Kentucky Teachers’ Fund Suspends Requirement for Notary Signatures

A patchwork of states allows remote witnesses, since in-person regulations have been made inconvenient by social distancing measures.

In response to a state emergency order, the Teachers’ Retirement System of the state of Kentucky (TRS) eliminated notary signatures earlier this month for members because of social distancing measures. 

The educator pension fund asked its plan participants to fill out and send in a certification to confirm their identity, along with any forms that usually require a witness. The form requires only a name, signature, and the last four digits of the member’s Social Security number. 

The notary freeze will retroactively apply to documents dated from March 23 through to the end of the state of emergency in Kentucky. 

A notary witness is meant to guide members of the public through legal agreements to help prevent misunderstanding, as well as fraud. But the social distancing measures necessitated by the pandemic have made in-person witnesses for important documents inconvenient for members.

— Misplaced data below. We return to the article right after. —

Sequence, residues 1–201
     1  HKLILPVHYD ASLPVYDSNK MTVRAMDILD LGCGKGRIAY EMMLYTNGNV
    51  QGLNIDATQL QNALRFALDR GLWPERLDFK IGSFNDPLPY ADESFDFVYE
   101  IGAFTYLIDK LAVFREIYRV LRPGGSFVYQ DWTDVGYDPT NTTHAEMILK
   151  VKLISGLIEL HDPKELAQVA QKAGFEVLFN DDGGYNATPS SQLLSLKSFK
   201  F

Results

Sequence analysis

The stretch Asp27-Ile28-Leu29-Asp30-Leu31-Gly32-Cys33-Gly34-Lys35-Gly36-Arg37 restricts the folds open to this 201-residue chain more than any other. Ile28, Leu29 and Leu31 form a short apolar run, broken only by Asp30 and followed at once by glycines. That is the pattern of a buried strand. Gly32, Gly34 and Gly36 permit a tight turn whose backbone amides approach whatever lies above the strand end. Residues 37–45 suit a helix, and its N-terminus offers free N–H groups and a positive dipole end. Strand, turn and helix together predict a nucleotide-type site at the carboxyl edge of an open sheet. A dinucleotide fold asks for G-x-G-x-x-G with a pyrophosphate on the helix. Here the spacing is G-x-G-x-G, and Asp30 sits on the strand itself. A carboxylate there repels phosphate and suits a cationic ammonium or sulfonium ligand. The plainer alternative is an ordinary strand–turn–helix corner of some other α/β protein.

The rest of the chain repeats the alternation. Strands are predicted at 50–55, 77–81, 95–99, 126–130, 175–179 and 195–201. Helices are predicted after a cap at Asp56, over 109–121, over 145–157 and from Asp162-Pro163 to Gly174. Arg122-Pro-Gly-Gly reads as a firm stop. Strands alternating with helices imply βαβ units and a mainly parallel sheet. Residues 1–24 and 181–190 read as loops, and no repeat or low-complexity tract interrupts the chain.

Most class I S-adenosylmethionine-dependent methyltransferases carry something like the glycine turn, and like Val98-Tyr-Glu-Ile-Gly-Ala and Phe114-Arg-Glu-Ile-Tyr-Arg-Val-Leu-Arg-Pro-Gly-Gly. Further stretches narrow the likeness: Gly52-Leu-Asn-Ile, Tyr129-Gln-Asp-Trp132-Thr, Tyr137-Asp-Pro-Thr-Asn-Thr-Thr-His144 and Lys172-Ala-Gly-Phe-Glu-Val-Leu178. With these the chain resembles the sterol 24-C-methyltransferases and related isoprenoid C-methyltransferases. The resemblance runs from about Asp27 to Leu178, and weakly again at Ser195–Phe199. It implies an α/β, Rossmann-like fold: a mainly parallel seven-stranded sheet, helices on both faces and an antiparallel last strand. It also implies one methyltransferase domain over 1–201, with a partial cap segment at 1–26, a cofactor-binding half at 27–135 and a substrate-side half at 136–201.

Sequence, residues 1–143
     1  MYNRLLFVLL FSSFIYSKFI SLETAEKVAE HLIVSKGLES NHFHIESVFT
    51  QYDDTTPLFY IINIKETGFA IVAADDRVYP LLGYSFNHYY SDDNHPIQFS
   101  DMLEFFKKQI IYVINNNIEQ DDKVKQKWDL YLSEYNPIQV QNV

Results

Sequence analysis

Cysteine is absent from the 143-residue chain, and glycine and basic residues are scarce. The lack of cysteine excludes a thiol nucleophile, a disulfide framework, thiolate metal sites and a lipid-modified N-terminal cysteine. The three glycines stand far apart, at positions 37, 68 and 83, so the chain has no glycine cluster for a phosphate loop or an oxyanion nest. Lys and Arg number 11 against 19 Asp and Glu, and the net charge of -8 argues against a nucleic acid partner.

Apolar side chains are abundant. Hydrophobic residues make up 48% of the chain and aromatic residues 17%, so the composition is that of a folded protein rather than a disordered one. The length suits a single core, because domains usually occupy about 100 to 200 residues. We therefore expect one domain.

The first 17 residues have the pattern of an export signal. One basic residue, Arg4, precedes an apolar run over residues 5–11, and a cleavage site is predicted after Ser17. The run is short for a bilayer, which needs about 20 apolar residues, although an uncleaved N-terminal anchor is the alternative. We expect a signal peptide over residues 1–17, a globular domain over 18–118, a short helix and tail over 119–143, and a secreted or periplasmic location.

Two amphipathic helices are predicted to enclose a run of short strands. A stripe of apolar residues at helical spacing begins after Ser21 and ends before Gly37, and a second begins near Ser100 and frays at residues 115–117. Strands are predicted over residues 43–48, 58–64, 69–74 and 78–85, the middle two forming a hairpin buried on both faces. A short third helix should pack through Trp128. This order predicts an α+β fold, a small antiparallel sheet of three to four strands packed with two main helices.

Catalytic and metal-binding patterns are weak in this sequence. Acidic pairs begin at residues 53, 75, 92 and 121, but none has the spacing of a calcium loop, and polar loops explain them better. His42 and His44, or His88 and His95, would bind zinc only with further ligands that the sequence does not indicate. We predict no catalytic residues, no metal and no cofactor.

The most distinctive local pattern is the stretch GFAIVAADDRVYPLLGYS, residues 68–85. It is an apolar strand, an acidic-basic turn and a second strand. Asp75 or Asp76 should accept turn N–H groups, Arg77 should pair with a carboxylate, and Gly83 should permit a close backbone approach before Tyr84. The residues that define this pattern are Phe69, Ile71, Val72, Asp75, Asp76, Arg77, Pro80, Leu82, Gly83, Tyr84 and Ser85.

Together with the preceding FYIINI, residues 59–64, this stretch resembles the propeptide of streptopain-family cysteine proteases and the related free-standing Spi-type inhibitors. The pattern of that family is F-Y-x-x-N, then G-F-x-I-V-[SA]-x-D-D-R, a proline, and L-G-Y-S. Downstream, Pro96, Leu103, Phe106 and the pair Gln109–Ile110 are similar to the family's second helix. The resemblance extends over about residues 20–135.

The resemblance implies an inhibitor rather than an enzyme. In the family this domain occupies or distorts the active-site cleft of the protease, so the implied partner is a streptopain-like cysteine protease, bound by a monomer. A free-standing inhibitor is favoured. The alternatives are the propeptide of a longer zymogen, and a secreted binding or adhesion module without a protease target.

While other states have recently passed executive orders allowing signatures to be notarized remotely, the Kentucky TRS pension fund has removed the requirement altogether. 

On Monday, New Jersey was the latest state to permit officials to witness signatures through “interactive and secure” online sessions. Emailed documents must be notarized the same day as they were signed. 

New York also issued guidelines for notaries last month, allowing them to witness a document signature through audiovisual technology. A patchwork of other states, including Louisiana and New Hampshire, have also passed executive orders temporarily allowing remote signatures.

Other states have yet to lower requirements. In California, banking groups sent a letter earlier this month to Gov. Gavin Newsom asking him to ease the in-person requirement, calling it “problematic” and in conflict with orders to stay at home. 

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